He and others believe bin Laden and al-Zawahri may be on the Afghan side of the border, perhaps in rugged, autonomous Kunar. One of 34 provinces in Afghanistan, Kunar is slightly smaller than Delaware.
No matter which side, the border gets little respect, particularly compared with deep-seated tribal and family loyalties. Complicating the search, the mountainous region -- with peaks taller than the Rockies -- is full of centuries-old routes used for trade, smuggling and invasions that would be invaluable for evading capture.
Parts of the Afghan side are controlled by renegade Islamic militia leader Gulbuddin Hekmatyar, who Khashoggi and others say may be allied with bin Laden and al-Zawahri.
"They don't have many choices to hide in Afghanistan," Khashoggi said. "I think they are roaming in a very limited area."
The marriage would be one of convenience, centered largely on a mutual disdain for the United States. After the U.S. invasion of Afghanistan in 2001, U.S. officials began to suspect Hekmatyar was aligning himself with al-Qaida. The CIA tried to kill him with a Predator drone in May 2002.
Help from Hekmatyar would be invaluable, given that bin Laden and al-Zawahri are foreigners and do not speak the languages native to the region. Joining the United States in any searches on the Afghan side are thousands of NATO troops from countries including Britain, Canada and the Netherlands.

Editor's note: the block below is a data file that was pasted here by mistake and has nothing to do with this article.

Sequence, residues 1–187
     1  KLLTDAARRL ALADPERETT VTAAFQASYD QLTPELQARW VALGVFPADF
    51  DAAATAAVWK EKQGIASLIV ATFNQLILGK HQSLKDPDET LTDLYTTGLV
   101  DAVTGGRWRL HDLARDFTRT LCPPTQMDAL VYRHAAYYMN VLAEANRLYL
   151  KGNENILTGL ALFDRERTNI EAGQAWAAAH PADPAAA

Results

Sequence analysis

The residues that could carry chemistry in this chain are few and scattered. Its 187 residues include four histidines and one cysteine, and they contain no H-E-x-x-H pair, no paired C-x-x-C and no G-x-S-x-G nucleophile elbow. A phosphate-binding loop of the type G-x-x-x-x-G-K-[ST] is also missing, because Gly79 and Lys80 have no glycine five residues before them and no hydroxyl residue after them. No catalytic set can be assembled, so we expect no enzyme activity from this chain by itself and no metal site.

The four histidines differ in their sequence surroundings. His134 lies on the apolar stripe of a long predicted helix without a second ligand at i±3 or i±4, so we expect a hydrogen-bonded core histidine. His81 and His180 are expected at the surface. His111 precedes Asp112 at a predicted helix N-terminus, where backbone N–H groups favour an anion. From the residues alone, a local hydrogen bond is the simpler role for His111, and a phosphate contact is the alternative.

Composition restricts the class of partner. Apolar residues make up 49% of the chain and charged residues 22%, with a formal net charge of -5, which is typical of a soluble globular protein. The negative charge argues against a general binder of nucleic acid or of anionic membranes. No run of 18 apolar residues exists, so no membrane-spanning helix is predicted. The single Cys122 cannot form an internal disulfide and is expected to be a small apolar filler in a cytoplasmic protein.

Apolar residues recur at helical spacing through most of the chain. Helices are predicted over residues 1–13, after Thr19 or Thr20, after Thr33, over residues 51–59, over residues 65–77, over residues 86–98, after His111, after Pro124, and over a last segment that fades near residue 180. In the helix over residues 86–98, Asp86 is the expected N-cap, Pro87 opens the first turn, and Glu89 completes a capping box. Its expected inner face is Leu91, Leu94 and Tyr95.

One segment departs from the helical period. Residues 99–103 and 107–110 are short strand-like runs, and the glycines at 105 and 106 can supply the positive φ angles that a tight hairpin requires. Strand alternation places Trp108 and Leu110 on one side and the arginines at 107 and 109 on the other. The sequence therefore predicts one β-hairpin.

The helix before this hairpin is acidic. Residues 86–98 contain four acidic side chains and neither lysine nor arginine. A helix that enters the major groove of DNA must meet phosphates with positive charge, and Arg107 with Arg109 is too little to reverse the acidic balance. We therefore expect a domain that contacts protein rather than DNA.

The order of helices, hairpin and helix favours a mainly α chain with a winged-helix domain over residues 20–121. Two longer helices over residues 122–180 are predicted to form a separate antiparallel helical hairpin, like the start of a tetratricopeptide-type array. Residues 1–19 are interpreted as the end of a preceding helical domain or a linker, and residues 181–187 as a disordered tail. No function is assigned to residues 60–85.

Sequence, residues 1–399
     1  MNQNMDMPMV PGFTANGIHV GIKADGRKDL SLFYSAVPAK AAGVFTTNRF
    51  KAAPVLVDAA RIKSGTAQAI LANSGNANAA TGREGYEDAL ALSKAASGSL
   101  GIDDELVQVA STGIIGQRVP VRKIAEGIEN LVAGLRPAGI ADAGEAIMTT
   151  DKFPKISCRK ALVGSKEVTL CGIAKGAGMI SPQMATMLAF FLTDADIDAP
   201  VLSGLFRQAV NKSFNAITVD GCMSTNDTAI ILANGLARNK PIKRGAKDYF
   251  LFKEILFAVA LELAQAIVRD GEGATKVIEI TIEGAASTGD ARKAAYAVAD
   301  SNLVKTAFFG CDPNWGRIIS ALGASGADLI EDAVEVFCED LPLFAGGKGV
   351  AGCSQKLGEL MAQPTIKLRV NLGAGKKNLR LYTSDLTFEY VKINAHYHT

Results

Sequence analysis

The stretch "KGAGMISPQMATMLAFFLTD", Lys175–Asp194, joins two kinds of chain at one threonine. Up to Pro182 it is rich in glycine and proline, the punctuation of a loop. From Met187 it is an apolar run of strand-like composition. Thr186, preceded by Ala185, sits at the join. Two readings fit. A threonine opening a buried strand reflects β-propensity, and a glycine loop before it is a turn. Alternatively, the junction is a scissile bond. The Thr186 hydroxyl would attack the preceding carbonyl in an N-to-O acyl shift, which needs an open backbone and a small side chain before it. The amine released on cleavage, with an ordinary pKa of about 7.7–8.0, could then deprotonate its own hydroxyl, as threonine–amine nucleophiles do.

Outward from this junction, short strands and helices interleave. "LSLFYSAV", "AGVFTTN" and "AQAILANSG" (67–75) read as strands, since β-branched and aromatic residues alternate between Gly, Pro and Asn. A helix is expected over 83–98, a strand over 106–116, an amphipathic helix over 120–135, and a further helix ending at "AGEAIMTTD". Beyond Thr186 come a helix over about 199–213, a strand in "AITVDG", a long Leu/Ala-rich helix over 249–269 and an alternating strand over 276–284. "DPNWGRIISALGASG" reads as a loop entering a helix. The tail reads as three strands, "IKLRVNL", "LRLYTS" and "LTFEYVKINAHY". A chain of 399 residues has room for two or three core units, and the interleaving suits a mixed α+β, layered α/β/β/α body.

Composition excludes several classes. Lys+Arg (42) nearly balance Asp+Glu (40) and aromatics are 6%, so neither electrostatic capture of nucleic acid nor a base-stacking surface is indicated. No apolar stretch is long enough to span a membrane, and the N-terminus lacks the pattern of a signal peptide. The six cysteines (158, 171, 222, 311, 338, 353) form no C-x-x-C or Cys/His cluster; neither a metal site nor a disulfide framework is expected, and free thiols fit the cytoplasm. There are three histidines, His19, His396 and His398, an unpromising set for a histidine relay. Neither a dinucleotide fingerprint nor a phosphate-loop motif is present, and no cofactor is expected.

Intelligence officials got some confirmation that al-Zawahri is surrounded by only the closest of associates with the Jan. 13 Predator drone attack on a house in Damadola, just across from Kunar.
U.S. officials will not confirm that the strike happened, and Pakistani officials suspect at least four foreign militants died in the strike. The list includes Egyptian Midhat Mursi, an explosives and chemical weapons expert; Abu Obaidah al-Masri, a chief responsible for attacks on U.S. forces in eastern Afghanistan; and Al-Abdul Rehman al-Maghribi, al-Zawahri's Moroccan son-in-law. Mursi had a $5 million bounty on his head and is on the FBI's list of most-wanted terrorists.
Authorities hoped al-Zawahri would be at the high-level dinner called Eid al-Adha, marking the end of Muslims' pilgrimage to Mecca.
The fact that the U.S. could target the gathering signaled to some security experts that someone in the region betrayed the al-Qaida leader -- and the U.S. was able to take advantage of the fissure.
"For the United States to get wind of a high-level dinner like that and have precise information on when it is taking place, someone must have betrayed somebody -- absolutely," said Ken Katzman, an expert on terrorism at the Congressional Research Service who recently traveled to Afghanistan.
U.S. intelligence officials believe bin Laden and al-Zawahri are surrounded by smaller entourages of perhaps 10 or 20 people. Katzman called it a "fairly sculpted group" of "close cronies" -- often of their own country. "If you are an Egyptian in that region, Zawahri is your mentor and the one you look up to more," he said.
Counterterrorism officials say Egyptians in the region play an important role in protecting the al-Qaida leaders. ---
Associated Press writer Munir Ahmad in Islamabad, Pakistan, contributed to this report.